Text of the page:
Trading volumes in opaque crossing networks are increasing across Asia. This positive development must be regulated wisely to ensure that all investors can benefit, writes Lee Kha Loon of the CFA Institute*.
Dark pools, the off-market trading venues where investors can anonymously trade large volumes of listed stocks, have been back in the news in Asia recently. Media reports note an increase in trading volume of small-cap stocks in Australia, Hong Kong and Japan on alternative trading systems since the beginning of the year. Some 30 per cent of executions in Credit Suisse’s dark pool, Crossfinder, relate to shares outside the top 200 names in Hong Kong. By comparison, such names account for only 10 per cent of transactions on public exchanges, which remain dominated by blue chips. Alternative sources of liquidity can be useful for traders looking at mid- and small-cap stocks. Equity trading in Asia is mainly done through stock exchanges with a very transparent system of price discovery.
Those wanting to trade will display bids or offers to buy or sell shares in the desired quantity on the so-called ‘lit’ market. The ‘dark’ market provides access to liquidity that is not publicly visible. Dark pools enable institutional investors to move sizeable amounts of liquidity while minimising intermediation costs and market impact. They can provide investors with an efficient means of trade execution. Some have suggested that dark pools, if only accessible by certain investors, present the risk of a market divided between displayed and dark liquidity. But to a certain extent all markets are divided by wholesale and retail channels. The bottom line is that dark pools are a natural response to meet institutional investors’ demand for low-cost trading, reduced market impact and liquidity in today’s highly automated trading environment.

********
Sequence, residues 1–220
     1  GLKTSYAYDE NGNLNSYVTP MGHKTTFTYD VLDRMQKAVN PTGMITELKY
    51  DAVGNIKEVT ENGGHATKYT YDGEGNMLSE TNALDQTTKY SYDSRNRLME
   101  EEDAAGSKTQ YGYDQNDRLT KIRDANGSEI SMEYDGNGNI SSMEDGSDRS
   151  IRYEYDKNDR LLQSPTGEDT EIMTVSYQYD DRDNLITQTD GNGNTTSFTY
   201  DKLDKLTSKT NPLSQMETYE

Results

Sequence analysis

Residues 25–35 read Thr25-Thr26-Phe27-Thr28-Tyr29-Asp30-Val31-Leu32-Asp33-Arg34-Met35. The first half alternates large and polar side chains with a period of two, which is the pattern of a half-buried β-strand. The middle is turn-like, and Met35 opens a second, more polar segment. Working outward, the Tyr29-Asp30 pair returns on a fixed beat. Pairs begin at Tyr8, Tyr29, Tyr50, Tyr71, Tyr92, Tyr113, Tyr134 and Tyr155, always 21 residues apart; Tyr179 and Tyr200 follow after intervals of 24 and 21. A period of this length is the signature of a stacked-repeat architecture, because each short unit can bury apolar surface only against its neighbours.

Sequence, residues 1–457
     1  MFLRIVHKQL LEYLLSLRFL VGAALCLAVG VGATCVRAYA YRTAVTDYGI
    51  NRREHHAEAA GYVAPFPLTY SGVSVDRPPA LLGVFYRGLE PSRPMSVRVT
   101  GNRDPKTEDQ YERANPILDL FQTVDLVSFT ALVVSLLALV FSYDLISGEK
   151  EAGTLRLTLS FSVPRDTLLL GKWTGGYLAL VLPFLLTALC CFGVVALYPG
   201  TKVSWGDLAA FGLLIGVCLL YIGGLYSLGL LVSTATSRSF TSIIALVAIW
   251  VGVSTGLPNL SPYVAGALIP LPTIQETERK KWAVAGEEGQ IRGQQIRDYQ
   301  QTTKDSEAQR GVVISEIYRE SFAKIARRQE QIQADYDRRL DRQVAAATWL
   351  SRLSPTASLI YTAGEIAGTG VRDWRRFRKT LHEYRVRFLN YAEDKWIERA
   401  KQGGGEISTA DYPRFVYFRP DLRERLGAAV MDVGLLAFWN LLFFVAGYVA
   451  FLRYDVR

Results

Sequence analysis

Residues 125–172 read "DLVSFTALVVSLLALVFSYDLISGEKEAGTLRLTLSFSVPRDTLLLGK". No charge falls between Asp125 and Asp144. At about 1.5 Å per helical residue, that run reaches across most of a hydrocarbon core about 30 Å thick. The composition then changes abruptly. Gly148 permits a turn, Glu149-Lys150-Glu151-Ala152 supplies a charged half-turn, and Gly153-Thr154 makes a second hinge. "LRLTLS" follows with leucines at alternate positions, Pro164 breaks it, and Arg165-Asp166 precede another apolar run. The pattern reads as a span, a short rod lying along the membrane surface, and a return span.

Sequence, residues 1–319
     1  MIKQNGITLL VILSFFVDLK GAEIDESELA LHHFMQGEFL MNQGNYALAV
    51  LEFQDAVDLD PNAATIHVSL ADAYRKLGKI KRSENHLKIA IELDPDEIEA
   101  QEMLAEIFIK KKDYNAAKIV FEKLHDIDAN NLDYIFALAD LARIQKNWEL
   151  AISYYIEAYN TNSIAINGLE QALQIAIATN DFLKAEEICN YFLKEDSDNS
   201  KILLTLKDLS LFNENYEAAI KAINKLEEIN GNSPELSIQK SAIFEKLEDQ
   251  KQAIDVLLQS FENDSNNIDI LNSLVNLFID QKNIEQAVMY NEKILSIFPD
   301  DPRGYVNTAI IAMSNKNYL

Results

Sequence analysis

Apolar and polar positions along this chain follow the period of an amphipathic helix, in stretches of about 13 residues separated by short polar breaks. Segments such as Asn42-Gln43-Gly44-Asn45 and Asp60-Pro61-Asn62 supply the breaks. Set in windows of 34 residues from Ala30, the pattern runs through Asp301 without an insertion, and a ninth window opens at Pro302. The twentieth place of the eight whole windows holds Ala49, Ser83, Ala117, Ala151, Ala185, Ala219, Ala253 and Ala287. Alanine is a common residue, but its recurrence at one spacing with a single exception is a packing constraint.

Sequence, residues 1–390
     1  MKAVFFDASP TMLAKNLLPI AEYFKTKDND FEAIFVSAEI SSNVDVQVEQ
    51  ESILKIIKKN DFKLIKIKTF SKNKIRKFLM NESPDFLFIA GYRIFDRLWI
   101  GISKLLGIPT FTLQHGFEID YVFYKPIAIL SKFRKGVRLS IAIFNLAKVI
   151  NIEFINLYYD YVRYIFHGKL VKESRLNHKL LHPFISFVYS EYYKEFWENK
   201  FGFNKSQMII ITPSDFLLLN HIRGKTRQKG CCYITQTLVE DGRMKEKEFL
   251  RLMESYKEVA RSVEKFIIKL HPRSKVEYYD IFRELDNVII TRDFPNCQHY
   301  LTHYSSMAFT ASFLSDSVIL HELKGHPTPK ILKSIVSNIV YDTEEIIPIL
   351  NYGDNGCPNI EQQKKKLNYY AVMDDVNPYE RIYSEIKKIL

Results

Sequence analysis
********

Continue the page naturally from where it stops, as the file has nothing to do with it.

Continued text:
Market monitors Regulatory concerns focus on transparency and the possible creation of an uneven playing field. The relative opacity of dark pools can hamper price discovery if too much volume is taken away from the lit market (thankfully, this has not happened so far in Asia). But it’s important that there are consistent post-trade reporting standards for all transactions – whether they are executed on a public exchange, in a dark pool, or over-the-counter – so that investors have an accurate and reliable view of prices across the trading landscape. This pricing information should be consolidated to prevent it being diffused across a more fragmented marketplace. To create a level playing field, it is vitally important that all trading venues conducting similar types of business, and all orders of similar types and sizes, are subject to the same rules. In this context, it is important that transparent markets are not disadvantaged by a different set of rules for dark markets. Otherwise, over time, we could see a larger shift in volume away from lit markets, with potential adverse consequences for public price discovery and liquidity. A level playing field is necessary to provide fair competition and to uphold market integrity. Regulators in Asia should heed these considerations as they go about opening up their markets to more competition.